Note: On Thursday afternoon the House failed to pass its new farm bill on a 195-234 vote. More here.

The House took up the farm bill debate in earnest on Wednesday (June 19). With over 100 amendments to get through, there was plenty for agriculture advocates to focus on.

But for those in the South, Amendment Two – offered by Ohio Rep. Bob Gibbs and Wisconsin Rep. Ron Kind – drew special scrutiny.

“I’ve met with all the Arkansas delegation,” said Jeffery Hall, associate director of national affairs for the Arkansas Farm Bureau, shortly before the debate opened. “They’re all optimistic that the House can get the farm bill passed even though there’s a lot to work through.

“We’re extremely concerned about the amendment from Gibbs and Kind. We’re in opposition to that and believe it would be devastating to rice, peanuts and other Southern crops.”

Hall lauded Arkansas Rep. Rick Crawford’s approach to the amendment, as he sent a “Dear Colleague” letter around the House explaining why the amendment should be voted against.

Proponents of the Gibbs/Kind amendment “argue that the Commodity Title is not market-oriented,” reads the letter. “This couldn’t be further from the truth” as the House bill would eliminate direct payments. The amendment would actually restore the “antiquated” base acre system and “continue to make payments to those who are no longer farming.”

The letter also pushed back against arguments that the farm bill is too kind to rice and peanuts. Analysis by “leading experts,” it says, “show that the average total cost of production for peanuts and rice are between $695 and $708 per ton and $14.92 per hundredweight, respectively. The reference prices in (the House farm bill) are well below their cost of production estimates, ensuring that neither rice nor peanut growers will ‘plant for the program’ like some allege.”

Regional differences were also addressed as the letter says the Gibbs/Kind amendment “only works for one or two regions of the country, while demolishing the farm safety net for all others.”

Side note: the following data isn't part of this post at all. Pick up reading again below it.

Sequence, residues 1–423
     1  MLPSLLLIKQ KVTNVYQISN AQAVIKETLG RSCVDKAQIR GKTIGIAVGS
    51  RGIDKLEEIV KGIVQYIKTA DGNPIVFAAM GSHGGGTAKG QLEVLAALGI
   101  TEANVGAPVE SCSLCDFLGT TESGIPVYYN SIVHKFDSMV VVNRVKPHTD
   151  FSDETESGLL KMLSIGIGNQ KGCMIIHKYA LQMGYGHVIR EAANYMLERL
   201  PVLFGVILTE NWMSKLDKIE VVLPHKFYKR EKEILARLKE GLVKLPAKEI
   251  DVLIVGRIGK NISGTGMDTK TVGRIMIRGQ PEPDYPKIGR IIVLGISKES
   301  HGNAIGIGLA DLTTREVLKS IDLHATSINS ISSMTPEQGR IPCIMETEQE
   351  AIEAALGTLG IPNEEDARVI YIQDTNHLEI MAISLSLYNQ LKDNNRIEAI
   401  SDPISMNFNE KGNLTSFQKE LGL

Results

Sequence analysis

Gibbs rejected those arguments. “The amendment would have set a target price for all crops at 55 percent of the five-year, rolling Olympic average,” he said on the floor. “It would also change the acreage available for target price support to 85 percent of a farmer’s base acres.”

Oklahoma Rep. Frank Lucas, chairman of the House Agriculture Committee, opposed the amendment.

Kind claimed the amendment would still maintain “an important safety net for farmers if commodity prices do drop.” However, “supporters of the Price Loss Coverage Program as currently drafted will claim the program is necessary to ensure farmers have a safety net for when the market collapses. But instead, the program in the farm bill before us sets target prices so high that some commodities are guaranteed an 8 percent profit.”

Kind said no other business is guaranteed such profit margin other than crop insurance companies that are guaranteed 14 percent profit under the House farm bill. “By setting the target prices at this historically high level it will all but ensure a much higher likelihood of government payouts in the future. In fact, implementation of the PLC program will already require government payouts for the top five commodity crops.”